Handing over your 4-year-old daughter for surgery is not easy.
You must suppress parental fears about potential complications. You must deal with the logistics of a crack-of-dawn hospital check-in. You must keep the tiny patient calm, distracted and entertained while also courageously holding your own emotions in check.
Or, you can simply let your wife handle everything.
On the morning of Celia’s recent tonsillectomy, I awoke with a brutal cold. My throat was raw (a “sympathetic tonsillectomy,” perhaps?). Every few minutes, I coughed up nastiness. My nose was a fountain.
The plan all along had been that my wife would deliver Celia to the hospital at 6 a.m. I would join them after getting siblings Sam and Sophie to school.
But my own condition deteriorated throughout the morning. Hacking and coughing in the presence of patients with more serious issues didn’t seem like a good idea. So, after school drop-off, I stocked up on cold medicine and lozenges and went home.
As it turned out, I wasn’t needed. My wife’s pal, Stephanie, met her at the hospital to offer support.
And Celia? She was fine.
As my wife later described, en route Celia marveled at the moon, huge and hung low in the pre-dawn darkness. She literally skipped into the hospital, blissfully unaware of what was to come.
A horrid-tasting anesthetic drink — the doctors and nurses applauded as she took it — rendered her loopy and relaxed. As she was wheeled to the operating room, she turned back to her mother, smiled and arched a mischievous eyebrow.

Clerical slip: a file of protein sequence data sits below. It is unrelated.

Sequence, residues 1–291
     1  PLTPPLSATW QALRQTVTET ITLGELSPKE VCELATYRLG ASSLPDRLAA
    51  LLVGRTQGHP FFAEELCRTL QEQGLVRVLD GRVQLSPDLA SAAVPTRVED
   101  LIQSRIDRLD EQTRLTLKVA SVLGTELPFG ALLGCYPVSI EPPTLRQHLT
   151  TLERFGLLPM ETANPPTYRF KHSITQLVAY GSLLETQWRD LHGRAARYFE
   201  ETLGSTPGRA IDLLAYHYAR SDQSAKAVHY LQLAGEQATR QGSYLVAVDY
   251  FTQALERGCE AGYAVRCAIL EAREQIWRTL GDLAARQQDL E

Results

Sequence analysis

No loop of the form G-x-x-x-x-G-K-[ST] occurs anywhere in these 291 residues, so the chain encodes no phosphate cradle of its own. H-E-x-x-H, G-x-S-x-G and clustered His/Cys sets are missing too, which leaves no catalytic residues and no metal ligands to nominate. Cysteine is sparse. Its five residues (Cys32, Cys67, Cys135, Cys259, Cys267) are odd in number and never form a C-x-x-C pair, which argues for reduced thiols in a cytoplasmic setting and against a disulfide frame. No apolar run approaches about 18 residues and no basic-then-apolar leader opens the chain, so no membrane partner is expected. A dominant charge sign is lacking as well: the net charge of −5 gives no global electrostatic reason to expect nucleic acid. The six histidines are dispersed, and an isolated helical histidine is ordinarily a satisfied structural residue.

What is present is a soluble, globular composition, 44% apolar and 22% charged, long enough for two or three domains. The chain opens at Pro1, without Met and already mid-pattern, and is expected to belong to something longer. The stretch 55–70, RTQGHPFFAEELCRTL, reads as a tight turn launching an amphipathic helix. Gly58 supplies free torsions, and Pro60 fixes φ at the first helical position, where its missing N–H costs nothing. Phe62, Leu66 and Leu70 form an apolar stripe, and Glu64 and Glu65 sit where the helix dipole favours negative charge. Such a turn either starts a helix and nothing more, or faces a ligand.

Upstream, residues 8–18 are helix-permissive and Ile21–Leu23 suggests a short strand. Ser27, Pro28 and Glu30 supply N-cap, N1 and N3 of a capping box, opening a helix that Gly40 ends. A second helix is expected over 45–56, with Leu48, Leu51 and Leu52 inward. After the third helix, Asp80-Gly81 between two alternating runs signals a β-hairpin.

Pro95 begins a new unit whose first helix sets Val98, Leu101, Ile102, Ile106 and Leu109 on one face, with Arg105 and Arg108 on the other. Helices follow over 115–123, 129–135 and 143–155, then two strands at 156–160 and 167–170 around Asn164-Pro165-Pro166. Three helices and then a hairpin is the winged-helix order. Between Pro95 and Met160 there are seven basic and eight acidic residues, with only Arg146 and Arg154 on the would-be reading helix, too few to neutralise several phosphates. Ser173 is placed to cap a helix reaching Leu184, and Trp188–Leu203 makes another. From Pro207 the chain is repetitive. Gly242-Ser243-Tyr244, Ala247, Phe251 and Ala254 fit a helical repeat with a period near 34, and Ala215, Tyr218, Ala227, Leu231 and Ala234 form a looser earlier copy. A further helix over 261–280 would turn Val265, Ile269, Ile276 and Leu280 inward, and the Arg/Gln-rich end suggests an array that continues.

As the anesthesiologist explained the gruesome particulars of the procedure, my wife started weeping. I, too, teetered on the brink of tears when a photo popped up on my phone of Celia in a hospital gown, surrounded by strangers in medical scrubs.
Barely an hour later, she was in the recovery room, sans tonsils and adenoids.
They had apparently contributed to the periodic fever syndrome that has bedeviled her for more than a year. Every four weeks, like clockwork, Celia gets sick. High fever and vomiting render our little spitfire limp on the sofa for days. It’s no fun for anybody, least of all her. She pleads to go back to school.
A tonsillectomy, according to various doctors, would likely help. And so we subjected our cheery, happy and otherwise healthy daughter to a surgery we knew would make her miserable in the short term.
She was none too happy upon awakening in the recovery room. “I want my tonsils back,” she announced.
Decades ago, that might have been possible. My tonsils, removed when I was about Celia’s age, spent years in a kitchen drawer at my parents’ house, preserved in a plastic jar filled with who knows what.
Hospitals seem less inclined these days to send patients home with freshly liberated body parts. And so, 90 minutes after surgery, Celia left the hospital without hers.
On the way out, a nurse asked if Celia had tubes put in her ears — a relatively minor procedure compared to a tonsillectomy. The nurse was impressed that Celia was so animated following a “T&A,” medical slang for tonsil and adenoid removal.
A steady intake of liquids and pain medicine is key to a happy recovery. Celia, as strong-willed as ever, was not particularly inclined to ingest either.
Convincing her to take the first dose of medicine at home required 20 minutes of negotiation and tears. “Talk on your shoe like a phone,” she demanded. So I did.
We had promised her some iPad time. Unfortunately, big sister Sophie had secretly changed the iPad’s password. A meltdown was averted by calling Sophie’s school and having her pulled out of class to reveal the new code.
Celia was also bribed with presents. She negotiated the total number of "recovery gifts" up to six, a medical expense that, unfortunately, is not covered by insurance.
Later that afternoon, she and I treated our respective ailments on the porch steps, sucking on bright blue popsicles beneath a bright blue sky.
Much to my relief, she seemed like her old self, sassy and smart, not missing her tonsils at all.
Staff writer Keith Spera chronicles his parenting adventures in the occasional 'Parental Advisory' column.